But there was an electrical storm, and they had to fly around it, and they didn't touch down in Manhattan until there were about five minutes left in the game, and the Canucks were losing 3-2. They hopped into waiting limousines and listened to the game on the radio, hoping for a goal and overtime.
But by the time they got to Madison Square Garden, there was about one minute left, and it was too late. The Canucks lost. One of the owners' wives called her husband and asked what they should do. He told them to go to the airport and wait for the team, and so they did.
"Never got in the Garden," Shute said.
After all those years, after all those miles, Shute had come so close to seeing the Canucks win the Cup and didn't even get to see them lose it. Maybe it was better that way, he reasoned. He said the flight home was very quiet.
"Nobody was crying or anything like that," Shute said. "It was just â¦ disappointment."
* * * * *
This is the third time the Canucks have made the Cup final. This time, unlike 1982 and 1994, it isn't new. It isn't unexpected. This team isn't an underdog; it won the Presidents' Trophy as the NHL's top regular-season team and is favored to win the Cup.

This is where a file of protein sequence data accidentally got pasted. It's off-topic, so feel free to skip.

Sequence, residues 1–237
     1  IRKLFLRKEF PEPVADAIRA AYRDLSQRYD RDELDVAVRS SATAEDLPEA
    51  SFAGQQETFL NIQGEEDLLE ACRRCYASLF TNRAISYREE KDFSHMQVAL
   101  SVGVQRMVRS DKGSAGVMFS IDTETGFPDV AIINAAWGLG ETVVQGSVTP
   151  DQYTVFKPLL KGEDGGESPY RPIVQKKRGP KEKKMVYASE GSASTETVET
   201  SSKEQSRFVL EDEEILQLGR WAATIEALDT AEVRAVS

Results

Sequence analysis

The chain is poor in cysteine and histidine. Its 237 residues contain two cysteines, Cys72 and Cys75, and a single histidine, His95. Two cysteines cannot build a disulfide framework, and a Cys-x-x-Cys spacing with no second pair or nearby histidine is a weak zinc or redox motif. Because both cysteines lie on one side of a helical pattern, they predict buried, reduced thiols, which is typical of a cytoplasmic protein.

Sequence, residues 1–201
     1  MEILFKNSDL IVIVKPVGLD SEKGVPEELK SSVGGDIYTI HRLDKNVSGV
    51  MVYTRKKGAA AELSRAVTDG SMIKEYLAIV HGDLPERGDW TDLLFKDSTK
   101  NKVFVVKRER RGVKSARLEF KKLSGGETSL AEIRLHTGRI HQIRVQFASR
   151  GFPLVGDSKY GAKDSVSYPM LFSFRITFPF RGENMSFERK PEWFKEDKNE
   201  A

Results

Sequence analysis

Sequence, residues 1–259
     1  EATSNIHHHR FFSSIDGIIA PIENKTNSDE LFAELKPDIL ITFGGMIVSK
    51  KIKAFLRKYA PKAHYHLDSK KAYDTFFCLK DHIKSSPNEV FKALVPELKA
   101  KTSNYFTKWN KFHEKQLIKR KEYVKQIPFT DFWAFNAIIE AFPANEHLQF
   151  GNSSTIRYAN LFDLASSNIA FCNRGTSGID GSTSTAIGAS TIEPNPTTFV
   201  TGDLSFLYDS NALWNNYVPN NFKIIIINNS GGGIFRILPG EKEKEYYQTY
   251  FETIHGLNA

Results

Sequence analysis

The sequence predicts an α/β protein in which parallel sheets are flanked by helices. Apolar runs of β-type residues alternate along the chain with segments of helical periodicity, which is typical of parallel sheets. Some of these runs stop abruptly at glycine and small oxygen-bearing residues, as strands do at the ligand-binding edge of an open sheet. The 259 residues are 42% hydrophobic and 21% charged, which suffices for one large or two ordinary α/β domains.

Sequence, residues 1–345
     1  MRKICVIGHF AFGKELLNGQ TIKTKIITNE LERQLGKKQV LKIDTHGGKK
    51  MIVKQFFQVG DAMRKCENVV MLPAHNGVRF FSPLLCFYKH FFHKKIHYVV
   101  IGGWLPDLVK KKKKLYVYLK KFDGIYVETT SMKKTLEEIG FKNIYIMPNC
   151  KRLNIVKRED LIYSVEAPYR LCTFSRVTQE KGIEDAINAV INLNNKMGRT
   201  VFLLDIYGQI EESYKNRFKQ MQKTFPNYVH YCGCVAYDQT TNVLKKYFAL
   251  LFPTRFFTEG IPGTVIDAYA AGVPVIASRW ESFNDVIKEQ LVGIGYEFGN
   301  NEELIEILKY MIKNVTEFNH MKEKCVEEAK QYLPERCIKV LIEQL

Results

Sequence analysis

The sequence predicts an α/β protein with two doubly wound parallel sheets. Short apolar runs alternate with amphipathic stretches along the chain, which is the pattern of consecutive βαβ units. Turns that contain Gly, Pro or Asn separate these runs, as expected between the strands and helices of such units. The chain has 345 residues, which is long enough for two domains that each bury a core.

"It's kind of like you're writing a book, and you write each chapter, and you're waiting for the ending chapter," Shute said. "That's what it would mean for me. I can't imagine doing this my entire life and never having a chance to be part of a (Cup-)winning team. I think we have a really good chance this year, and I'm really hoping that â¦"
"It would mean everything," he said.
Would it mean the end for Shute? The kid they call Shooter will turn 65 in July. He has already retired from his teaching job, and every year he cleans out his locker and goes home for the summer without assuming the Canucks will ask him to come back.
But, no. Not yet. He's really hoping that the Canucks write that last chapter, but he's really hoping there's an epilogue, too.
"It's been so much fun this year," Shute said, "even if we win, I think I'd like to be back next year."
After waiting 50 years for one Cup, how much fun would it be to go for two?